The Turn

A White Day

I live in Canada. Winter is cold, and there’s a lot of dark. Sometimes the days are brilliant—shining, blue skies, the cold white eye of the sun, and everything glitters like the inside of a diamond. Often these are the days when the cold steals your breath, making you cough, where it┬áknifes through your thighs as you walk, bores a hole between your eyes were even the warmest scarf can’t cover.

Then there are the white days, the prairies’ special trick, where the sky is white, the land is white, and the horizon becomes only a guess. Everything is a middling, dull-white shade. It does not glitter, just fades slowly into night.

Cold Coming In

The nights are long. You rise in darkness, running from blankets to robe to sweaters as quickly as possible. Often it’s dark again by the time you leave work. Entire work weeks can pass in darkness. Months pass without feeling the sun’s warmth on your cheeks.

Vogue tobacco?

There are blizzards, confections of wind and snow to make you stare in awe. Cars creep hesitantly along the roads, snowflakes whirling like unsteady stars, hiding everything: the road’s edge, the lane markings, the oncoming traffic. You stock your car: blankets, candles, chocolate bars. The danger is not so much going off the road. It’s going off the road, too far from help, where you’ll sit in your idling car until the fuel runs out and then the cold seeps in, and you either wait for it or walk for it. That’s when people die. Blizzards are the moments when you bow your head and admit defeat; allow nature her supremacy, and stay home, preferably with a fire and hot chocolate, and tell the story of the farmer who lost his way in a blizzard going from house to barn, and how long it was before they found his frozen body.

Remains

I don’t love the cold. I don’t love winter. I don’t love the prison our houses become, the prison our clothes become, layers piled on layers, constricting and restrictive. I don’t do many of the fun things that make winter worthwhile up here—I don’t skate, play hockey, ski or snowboard.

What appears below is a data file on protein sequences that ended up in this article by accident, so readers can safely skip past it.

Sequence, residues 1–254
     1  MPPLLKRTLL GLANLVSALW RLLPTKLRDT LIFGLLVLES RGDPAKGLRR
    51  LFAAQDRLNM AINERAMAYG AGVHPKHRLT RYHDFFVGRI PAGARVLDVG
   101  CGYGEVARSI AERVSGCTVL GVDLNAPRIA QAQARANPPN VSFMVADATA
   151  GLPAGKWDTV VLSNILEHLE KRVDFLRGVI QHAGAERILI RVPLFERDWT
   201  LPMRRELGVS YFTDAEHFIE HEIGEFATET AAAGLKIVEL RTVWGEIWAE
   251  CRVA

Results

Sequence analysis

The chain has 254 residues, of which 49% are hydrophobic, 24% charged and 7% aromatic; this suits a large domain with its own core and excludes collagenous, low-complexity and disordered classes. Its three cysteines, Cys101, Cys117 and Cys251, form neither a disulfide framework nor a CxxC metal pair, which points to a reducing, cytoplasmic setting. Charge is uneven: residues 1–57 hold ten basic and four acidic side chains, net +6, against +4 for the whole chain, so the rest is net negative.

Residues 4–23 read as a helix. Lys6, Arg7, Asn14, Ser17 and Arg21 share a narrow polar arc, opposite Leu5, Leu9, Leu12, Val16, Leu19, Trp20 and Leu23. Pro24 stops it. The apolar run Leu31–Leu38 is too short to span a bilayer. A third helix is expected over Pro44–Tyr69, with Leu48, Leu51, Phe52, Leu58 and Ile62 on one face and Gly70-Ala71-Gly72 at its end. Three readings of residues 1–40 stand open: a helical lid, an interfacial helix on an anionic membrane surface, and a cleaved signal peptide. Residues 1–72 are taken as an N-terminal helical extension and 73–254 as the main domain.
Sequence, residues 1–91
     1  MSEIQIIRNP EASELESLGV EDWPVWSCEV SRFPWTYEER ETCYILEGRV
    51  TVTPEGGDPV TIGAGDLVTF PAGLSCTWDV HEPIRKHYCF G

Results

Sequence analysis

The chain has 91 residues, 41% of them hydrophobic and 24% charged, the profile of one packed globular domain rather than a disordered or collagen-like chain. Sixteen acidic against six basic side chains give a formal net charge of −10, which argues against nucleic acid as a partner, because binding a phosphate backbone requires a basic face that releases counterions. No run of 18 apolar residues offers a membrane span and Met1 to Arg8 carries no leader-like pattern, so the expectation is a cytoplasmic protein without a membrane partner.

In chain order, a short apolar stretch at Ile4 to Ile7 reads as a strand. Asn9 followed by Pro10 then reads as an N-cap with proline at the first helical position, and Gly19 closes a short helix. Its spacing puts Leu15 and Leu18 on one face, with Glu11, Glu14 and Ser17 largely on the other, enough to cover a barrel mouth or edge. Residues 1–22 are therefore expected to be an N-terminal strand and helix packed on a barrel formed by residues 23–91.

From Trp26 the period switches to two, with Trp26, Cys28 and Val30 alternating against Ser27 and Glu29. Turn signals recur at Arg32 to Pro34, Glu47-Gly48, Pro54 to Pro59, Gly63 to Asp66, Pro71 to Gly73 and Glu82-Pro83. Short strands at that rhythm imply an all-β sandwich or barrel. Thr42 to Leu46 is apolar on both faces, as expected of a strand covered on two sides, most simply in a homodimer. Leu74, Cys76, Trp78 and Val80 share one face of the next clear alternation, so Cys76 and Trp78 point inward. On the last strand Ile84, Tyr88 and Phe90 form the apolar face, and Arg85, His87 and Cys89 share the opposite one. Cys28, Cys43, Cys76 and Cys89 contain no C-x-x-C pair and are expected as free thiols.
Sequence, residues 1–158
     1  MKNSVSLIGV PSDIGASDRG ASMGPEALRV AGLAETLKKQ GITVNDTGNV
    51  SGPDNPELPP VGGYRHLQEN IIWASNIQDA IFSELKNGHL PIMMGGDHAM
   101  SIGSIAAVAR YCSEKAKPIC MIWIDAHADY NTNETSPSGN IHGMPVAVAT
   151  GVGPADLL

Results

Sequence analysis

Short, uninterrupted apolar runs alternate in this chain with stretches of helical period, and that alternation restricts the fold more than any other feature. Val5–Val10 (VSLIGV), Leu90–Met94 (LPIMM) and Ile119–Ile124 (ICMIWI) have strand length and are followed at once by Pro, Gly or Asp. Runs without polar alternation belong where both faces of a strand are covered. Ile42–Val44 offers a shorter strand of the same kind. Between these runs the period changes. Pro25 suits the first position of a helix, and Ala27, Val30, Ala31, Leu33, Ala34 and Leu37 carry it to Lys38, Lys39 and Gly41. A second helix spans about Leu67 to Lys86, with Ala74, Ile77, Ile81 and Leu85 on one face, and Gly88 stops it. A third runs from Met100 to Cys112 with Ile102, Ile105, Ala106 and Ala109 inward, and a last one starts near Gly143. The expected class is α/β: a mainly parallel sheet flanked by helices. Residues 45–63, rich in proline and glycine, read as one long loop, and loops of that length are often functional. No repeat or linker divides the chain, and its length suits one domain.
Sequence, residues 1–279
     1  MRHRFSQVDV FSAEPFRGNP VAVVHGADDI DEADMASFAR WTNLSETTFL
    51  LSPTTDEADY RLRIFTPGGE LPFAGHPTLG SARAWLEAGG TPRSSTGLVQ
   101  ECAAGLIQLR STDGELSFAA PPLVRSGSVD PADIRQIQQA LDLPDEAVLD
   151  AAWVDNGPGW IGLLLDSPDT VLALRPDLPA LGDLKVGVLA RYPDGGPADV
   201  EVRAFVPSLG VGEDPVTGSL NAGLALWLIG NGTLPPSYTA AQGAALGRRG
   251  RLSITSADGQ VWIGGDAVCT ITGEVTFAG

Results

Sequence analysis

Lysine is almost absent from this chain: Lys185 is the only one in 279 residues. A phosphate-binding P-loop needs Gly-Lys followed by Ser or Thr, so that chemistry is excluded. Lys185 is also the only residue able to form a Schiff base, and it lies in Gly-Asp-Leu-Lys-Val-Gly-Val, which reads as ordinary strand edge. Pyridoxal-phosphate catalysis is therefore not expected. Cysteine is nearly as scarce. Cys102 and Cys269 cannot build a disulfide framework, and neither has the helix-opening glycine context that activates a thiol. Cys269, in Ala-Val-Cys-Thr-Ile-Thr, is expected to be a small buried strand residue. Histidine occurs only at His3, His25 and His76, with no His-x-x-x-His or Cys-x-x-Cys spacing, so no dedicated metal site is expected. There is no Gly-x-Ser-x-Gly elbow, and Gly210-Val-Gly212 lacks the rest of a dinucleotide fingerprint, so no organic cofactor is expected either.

But I do love the holidays. I love taking a few moments, here at the blackest end of the year, to enjoy the people around me. I love the convergence of roads that lets me see my relatives in wild, energetic bouts, all at once, rather than one or two at a time. I love the food, the lights, the decorations.

I love turkey with cranberry sauce.

Shot with tree.

And I love knowing that, after today, no matter how cold the weather or how majestic the storms, the days will be getting longer, and sooner or later the ground will soften, the snow will melt, and spring will be here.

Happy Solstice, everyone! I hope your holidays are full of family, friends, and togetherness—and if not, then I hope they’re at least filled with other things that make you happy.

(photographs of an abandoned shack at my grandmother’s farm)

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40 Comments

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40 responses to “The Turn

  1. KC

    Happy Solstice to you, too. This is a really beautiful post.

  2. Happy Solstice to you too!

  3. Around here, we say “Happy Birthday”…my hubbin’s…born, as he likes to say, on the darkest day of the year.

    I admit that other that your sewing, I don’t know much about you. Are you a writer? You should be…this is a beautiful post.

    Wishing you and your lovely family a most blessed Christmas.

    • Aww, thank you! I’m not a published writer, although it’s definitely one of my fantasies…

      If you click on my “Participation” tab there’s links to some old blog award posts that have some trivia about me and my family :).

  4. The pleasure of snow is finding the warmth. We don’t get it very often in the UK but when we do I go outside in the dead of night and just listen. It’s silent. Snow silences everything. Then all you can hear are your own footsteps and suddenly everything feels very peaceful and calm. It’s very rare to hear nothing where I live so that’s the joy snow brings to my life. The rest of the time it’s observed, at distance, in great comfort, behind a pane of glass. I don’t do ‘cold’ ;D

    • I don’t “do” cold, either! (Seriously, I’m a major weather wimp). But much as I dislike winter, I definitely appreciate the rest of the year more because of it…